In our Episcopal Lectionary (and the Revised Common Lectionary, too) the first Sunday after the Epiphany (January 6) is dedicated to recalling the Baptism of our Lord. This event is recorded in all four Gospels. In today’s Collect we pray that we may keep the (Baptismal) Covenant we have made while we “boldly confess [Jesus] as Lord and Savior.”
Father in heaven, who at the baptism of Jesus in the River Jordan proclaimed him your beloved Son and anointed him with the Holy Spirit: Grant that all who are baptized into his Name may keep the covenant they have made, and boldly confess him as Lord and Savior; who with you and the Holy Spirit lives and reigns, one God, in glory everlasting. Amen.
Book of Common Prayer, 214
For further reading
As another weekend unfolds consider the beauty of the earth, give thanks, and enter into the wonders of creation. Also recognize your role in safeguarding these wonders for those who will come after us. ~Fr. Dan
We give you thanks, most gracious God, for the beauty of earth and sky and sea; for the richness of mountains, plains, and rivers; for the songs of birds and the loveliness of flowers. We praise you for these good gifts, and pray that we may safeguard them for our posterity. Grant that we may continue to grow in our grateful enjoyment of your abundant creation, to the honor and glory of your Name, now and for ever. Amen.
Book of Common Prayer, 840
The Feast of the Epiphany is always January 6 in our Liturgical Calendar. This is the Collect (a prayer at the beginning of our worship) used on this Feast Day.
O God, by the leading of a star you manifested your only Son to the peoples of the earth: Lead us, who know you now by faith, to your presence, where we may see your glory face to face; through Jesus Christ our Lord, who lives and reigns with you and the Holy Spirit, one God, now and for ever. Amen.
Book of Common Prayer, 214
In the Episcopal Church (and many others) Thursday evening is the day when the choir and its musician(s) typically meet. On this Thursday in January we share a Collect used on day the Church remembers Johann Sebastian Bach, George Frederick Handel, and Henry Purcell (Jul 28th). You can easily adapt this Collect as you pray for the musicians and singers in your life. We encourage you to share your (adapted) prayer with them.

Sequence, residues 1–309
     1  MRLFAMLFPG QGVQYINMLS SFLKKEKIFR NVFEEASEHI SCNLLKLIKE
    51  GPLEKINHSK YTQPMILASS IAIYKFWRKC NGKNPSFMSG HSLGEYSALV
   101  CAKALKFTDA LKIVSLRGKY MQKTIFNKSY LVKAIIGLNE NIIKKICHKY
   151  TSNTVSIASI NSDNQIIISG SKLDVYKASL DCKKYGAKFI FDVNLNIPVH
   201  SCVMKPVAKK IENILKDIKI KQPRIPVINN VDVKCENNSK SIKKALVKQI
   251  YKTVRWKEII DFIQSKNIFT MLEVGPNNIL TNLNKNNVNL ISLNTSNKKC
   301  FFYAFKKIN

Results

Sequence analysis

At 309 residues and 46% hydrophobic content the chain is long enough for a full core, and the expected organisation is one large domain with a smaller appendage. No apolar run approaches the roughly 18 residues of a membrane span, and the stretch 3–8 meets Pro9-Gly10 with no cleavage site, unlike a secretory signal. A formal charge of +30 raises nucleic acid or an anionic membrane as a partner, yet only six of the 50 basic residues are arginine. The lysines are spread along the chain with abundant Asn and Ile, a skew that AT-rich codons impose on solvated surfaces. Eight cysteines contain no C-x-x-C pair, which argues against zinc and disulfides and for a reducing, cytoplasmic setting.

Almighty God, beautiful in majesty and majestic in holiness, who teaches us in Holy Scripture to sing your praises and who gave your musicians Johann Sebastian Bach, George Frederick Handel and Henry Purcell grace to show forth your glory in their music: Be with all those who write or make music for your people, that we on earth may glimpse your beauty and know the inexhaustible riches of your new creation in Jesus Christ our Savior; who lives and reigns with you and the Holy Spirit, one God, for ever and ever. Amen.
What is a Collect?
UnitedHealthcare provides a quick check list of 5 things that you and I shouldn’t do with our smartphones.
Hang up on some habits that may be harmful to you and othersThere’s no denying smartphones make life more interesting. These handy gadgets can do amazing things — from finding the nearest Thai food to filming baby’s first steps.But for our safety and well-being, there are a few things we shouldn’t do while glued to our screens. Here are five not-so-smart behaviors to avoid.
Go to the post to discover the 5 (Common Sense) things to “not do.”
Source: Healthy Mind Healthy Body®: 5 things not to do with your smartphone
What is a Collect? The origin of the term collecta, while rather obscure, refers to the “gathering of the people together” as well as to the “collecting up” of the petitions of individual members of the congregation into one prayer. This at first extemporaneous prayer would later also be connected to the Epistle and Gospel appointed for the day. A Collect is a short prayer that asks “for one thing only” (Fortescue) and is peculiar to the liturgies of the Western Churches, being unknown in the Churches of the East. It is also a literary form (an art comparable to the sonnet) usually, but not always, consisting of five parts.
Read more here: “The Collect”
Source: “Introduction.” Zahl, Paul F. M. and Barbee, C. Frederick, eds. The Collects of Thomas Cranmer. Grand Rapids, MI: Wm. B. Eerdmans Publishing Company. 1999. [Kindle Edition]
Like Roman Catholics and the Orthodox, Episcopalians honor our ancestors in the faith, men and women of exceptional character and action as Christ-followers, who inspire and encourage us along the Way. The Collect used on the day they are honored often asks for graces to become a better Christ-follower in our day and in our lives.
Holy God, you blessed Elizabeth Seton with your grace as wife, mother, educator and founder, that she might spend her life in service to your people: Help us, by her example, to express our love for you in love of others; through Jesus Christ our Redeemer, who lives and reigns with you and the Holy Spirit, one God, for ever and ever. Amen.
What is a Collect?